“Why are you late?” my friend asked as, slightly flustered, I climbed out of my battered Ford Mondeo at Prince’s Golf Club. Sensing he was looking for a proper explanation, I gave him one. “Well, the upheavals in the Middle East, particularly in Syria and Iraq, combined with the troubles in Iraq, Ethiopia, Somalia, Afghanistan, Libya and elsewhere in Africa, have encouraged waves of economic migrants and political refugees to flee north across the Mediterranean and through continental Europe. Desperate to reach this country, these same desperate individuals are presently entering the Eurotunnel at Calais. The consequent disruption to freight services through the tunnel has obliged the authorities to put what is called ‘Operation Stack’ into effect, whereby the waiting lorries on this side of the Channel are parked on the motorway obliging innocent golfers and others to find alternative routes to their various destinations. Okay?”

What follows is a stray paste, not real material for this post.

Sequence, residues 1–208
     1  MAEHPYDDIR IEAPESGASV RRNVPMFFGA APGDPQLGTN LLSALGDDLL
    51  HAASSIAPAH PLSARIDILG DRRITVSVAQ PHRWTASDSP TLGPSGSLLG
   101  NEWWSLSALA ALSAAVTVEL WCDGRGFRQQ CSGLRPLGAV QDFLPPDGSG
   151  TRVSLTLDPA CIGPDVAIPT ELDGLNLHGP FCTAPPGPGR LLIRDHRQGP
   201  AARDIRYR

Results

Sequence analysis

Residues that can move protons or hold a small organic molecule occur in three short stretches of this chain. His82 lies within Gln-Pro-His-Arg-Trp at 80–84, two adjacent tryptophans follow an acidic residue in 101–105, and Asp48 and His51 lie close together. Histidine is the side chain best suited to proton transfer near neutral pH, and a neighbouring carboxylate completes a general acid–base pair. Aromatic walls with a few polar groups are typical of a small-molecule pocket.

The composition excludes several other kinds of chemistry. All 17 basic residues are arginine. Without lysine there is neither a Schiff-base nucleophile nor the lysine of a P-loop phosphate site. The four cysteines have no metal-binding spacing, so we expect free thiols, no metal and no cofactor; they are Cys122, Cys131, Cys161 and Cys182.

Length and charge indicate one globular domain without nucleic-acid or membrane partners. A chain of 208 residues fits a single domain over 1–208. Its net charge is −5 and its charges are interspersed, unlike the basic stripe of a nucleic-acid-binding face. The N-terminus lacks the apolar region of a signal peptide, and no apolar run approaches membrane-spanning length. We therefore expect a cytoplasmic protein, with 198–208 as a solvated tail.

Leaving for another time, perhaps, an examination of the evident clash between Third World misery and First World concerns about missing tee-off times, I composed myself sufficiently to hit an indifferent drive down the first. I sliced my second, fluffed my chip and took three more to get down to open with a ghastly double bogey.
Evidently unsettled by the fraught journey, I three-putted the second but then parred the next three. Surprisingly after such a torrid morning, I had recovered my equilibrium remarkably rapidly. The explanation is simple. With the sea providing such a tranquil backdrop, the humps and hollows of an authentic links so pleasing on the eye, larks singing up above, tall grasses swaying in the briny breeze, all the senses had been reawakened and the journey’s stress rapidly soothed away.
Wethered and Sarazen
Less evident than the appealing aesthetics is Prince’s rich history. Opened in 1907 by the former Prime Minister Balfour, it was originally designed to accommodate the then revolutionary Haskell rubber-core ball. It evidently was no pushover as Balfour, a decent enough seven handicapper, only just broke 100.